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1018 Steel (A36)

Heat to 900oC Quench in H2O Heat to 900oC Quench in H2O Reheat to 300oC Heat to 900oC Cool slowly Heat to 900oC Cool slowly Reheat to 300oC

4340 Steel

Heat to 900oC Quench in H2O Heat to 900oC Quench in H2O Reheat to 300oC Heat to 900oC Cool Slowly Heat to 900oC Cool slowly Reheat to 300oC

2024 Aluminum

Heat to 550oC Quench in H2O Heat to 550oC Quench in H2O Reheat to 200oC Heat to 550oC Cool Slowly Heat to 550oC Cool Slowly Reheat to 200oC

70-30 (260) Brass

Heat to 550oC Quench in H2O Heat to 550oC Quench in H2O Reheat to 200oC Heat to 550oC Cool Slowly Heat to 550oC Cool Slowly Reheat to 200oC

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5. Once the samples are cool they may have to be ground to remove the oxide layer (Steels!!). Do this using the belt sanders with water cooling. 6. Take hardness measurements using Rockwell C and/or Rockwell B scales. Take at least 3 measurements on each sample and average the values. Be careful not to place hardness indentations too close together as it may affect the results. 7. Look at the microstructures of ALL samples at each of the four heat treatments. Polished and etched samples of each type will be provided by the TA's. These samples were polished to a 1 micron finish and then chemically etched to reveal the grain boundaries. View each of the samples, comment on the microstructures in your lab report and include microstructures at all heat treatments in your report. Compare the properties (hardness) of ALL alloys at after all heat treatments and explain in term of the phase transformations, resulting microstructure and easy of dislocation motion. IV. Analysis 1. What is the difference between 4340 steel and 1018 (A36) steel? 2. Which steel sample was harder, the air-cooled or water quenched? Why was it harder? 3. Which steel alloy was harder? Why was it harder? 4. How did the different cooling rate affect the microstructure of each steel? Do these microstructures agree with what would be predicted from the TTT diagrams? 5. What did reheating do to the steels' (4340 and 1018 (A36)) microstructures and properties? Why?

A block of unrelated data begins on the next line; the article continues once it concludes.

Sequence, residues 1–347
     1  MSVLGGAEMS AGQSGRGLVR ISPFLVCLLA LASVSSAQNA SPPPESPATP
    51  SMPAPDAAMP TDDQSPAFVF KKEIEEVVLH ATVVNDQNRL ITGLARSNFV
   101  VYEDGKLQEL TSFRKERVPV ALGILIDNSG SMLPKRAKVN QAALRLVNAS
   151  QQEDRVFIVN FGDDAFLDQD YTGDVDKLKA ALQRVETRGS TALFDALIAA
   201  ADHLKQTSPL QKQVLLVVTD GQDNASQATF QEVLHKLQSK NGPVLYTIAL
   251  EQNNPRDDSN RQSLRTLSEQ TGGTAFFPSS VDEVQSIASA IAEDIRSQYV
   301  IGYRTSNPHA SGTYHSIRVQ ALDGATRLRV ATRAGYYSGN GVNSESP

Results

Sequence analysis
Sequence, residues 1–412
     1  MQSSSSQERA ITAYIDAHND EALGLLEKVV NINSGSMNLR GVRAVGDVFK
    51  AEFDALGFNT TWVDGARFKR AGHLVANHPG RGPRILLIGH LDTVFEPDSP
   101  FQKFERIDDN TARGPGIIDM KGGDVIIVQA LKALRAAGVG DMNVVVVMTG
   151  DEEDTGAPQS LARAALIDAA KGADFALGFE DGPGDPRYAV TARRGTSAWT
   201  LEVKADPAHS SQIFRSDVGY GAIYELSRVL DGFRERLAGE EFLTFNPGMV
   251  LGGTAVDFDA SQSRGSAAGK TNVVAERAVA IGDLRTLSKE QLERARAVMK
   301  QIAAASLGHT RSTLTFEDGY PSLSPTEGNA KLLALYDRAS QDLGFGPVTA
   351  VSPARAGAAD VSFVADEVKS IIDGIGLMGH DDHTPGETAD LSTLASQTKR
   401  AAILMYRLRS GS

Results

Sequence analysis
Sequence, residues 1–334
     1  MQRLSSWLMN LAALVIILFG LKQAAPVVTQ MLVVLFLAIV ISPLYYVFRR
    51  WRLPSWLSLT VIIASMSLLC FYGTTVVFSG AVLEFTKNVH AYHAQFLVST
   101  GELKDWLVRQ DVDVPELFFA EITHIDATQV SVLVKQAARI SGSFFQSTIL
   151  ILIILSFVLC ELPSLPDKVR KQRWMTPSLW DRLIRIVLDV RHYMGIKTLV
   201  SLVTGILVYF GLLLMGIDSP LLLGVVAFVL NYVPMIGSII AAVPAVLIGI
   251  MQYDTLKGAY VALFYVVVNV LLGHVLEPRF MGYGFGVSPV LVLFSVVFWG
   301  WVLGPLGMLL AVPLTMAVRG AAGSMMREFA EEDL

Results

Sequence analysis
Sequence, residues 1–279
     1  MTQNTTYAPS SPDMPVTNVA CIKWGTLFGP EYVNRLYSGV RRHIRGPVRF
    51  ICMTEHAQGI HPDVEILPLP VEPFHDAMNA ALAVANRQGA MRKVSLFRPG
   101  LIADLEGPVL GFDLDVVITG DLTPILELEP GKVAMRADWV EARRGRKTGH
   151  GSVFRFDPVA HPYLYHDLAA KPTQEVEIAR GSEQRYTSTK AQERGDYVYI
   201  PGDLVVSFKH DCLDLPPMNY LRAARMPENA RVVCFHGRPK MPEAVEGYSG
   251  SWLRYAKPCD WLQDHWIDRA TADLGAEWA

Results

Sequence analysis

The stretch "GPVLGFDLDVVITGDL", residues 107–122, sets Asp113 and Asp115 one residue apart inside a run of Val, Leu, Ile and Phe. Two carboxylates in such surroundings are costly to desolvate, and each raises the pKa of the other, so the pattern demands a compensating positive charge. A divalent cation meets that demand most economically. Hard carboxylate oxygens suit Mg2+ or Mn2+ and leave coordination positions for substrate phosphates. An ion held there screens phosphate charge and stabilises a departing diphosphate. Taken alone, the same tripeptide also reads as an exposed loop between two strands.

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6. Compare the TTT diagram for 1018 (A36) with that of 4340. What are the major differences? Why does the decomposition of austenite take longer in 4340 than 1018 (A36)? 7. What would be the effect of quenching in oil instead of water? 8. What was the effect of reheating the samples on microstructure and properties? 9. What would happen to the microstructure and hardness if the samples were reheated to 600oC for 30 minutes and then quenched? 10. For aluminum alloys, what do T0, T3 and T6 refer to? Did you treat Al 2024 to any of those conditions? 11. Compare the hardness values you measured for each alloy in each condition with values from the literature. If there are any significant deviations from expected values, provide likely causes for this and how the deviations could be corrected. V. Formal Lab Report The formal lab report should address all the questions above but should not consist only of these questions. Please follow the procedures outlined on the homepage and in the lab. Look under lab handouts and report formats (How to write a lab report) for point distribution and requirements. VI. References:

1. William D. Callister, Jr., Materials Science and Engineering an Introduction, 6th Edition. John Wiley and Sons, New York. (2000), Chap. 10-11. 2. E.C. Subbarao, et al., Experiments in Materials Science. McGraw-Hill, New York, (1972). 3. George L. Kehl, The Principles of Metallographic Laboratory Practice, 3rd Ed. McGraw-Hill, New York (1949), pp. 232-240. 4. L. Van Vlack, Elements of Material Science and Engineering, 6th Ed. Addison Wesley, Reading, MA (1986), pp. 257-262, 292-304. 5. R.E. Smallman, Modern Physical Metallurgy, 4th Ed. Butterworths, London, (1985), pp. 335-379. 6. ASM Metals Handbooks

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APPENDIX Possibly useful diagrams and microstructures from Metals Handbook 8th Edition, Vol. 7: Atlas of Time-Temperature Diagrams for Nonferrous Alloys / edited by George F. Vander Voort. ASM International, ©1991 and Atlas of Time-Temperature Diagrams for Irons and Steels / edited by George F. Vander Voort. ASM International, ©1991.

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Microsoft Word - MSE170HeatTreatment-Sp08.doc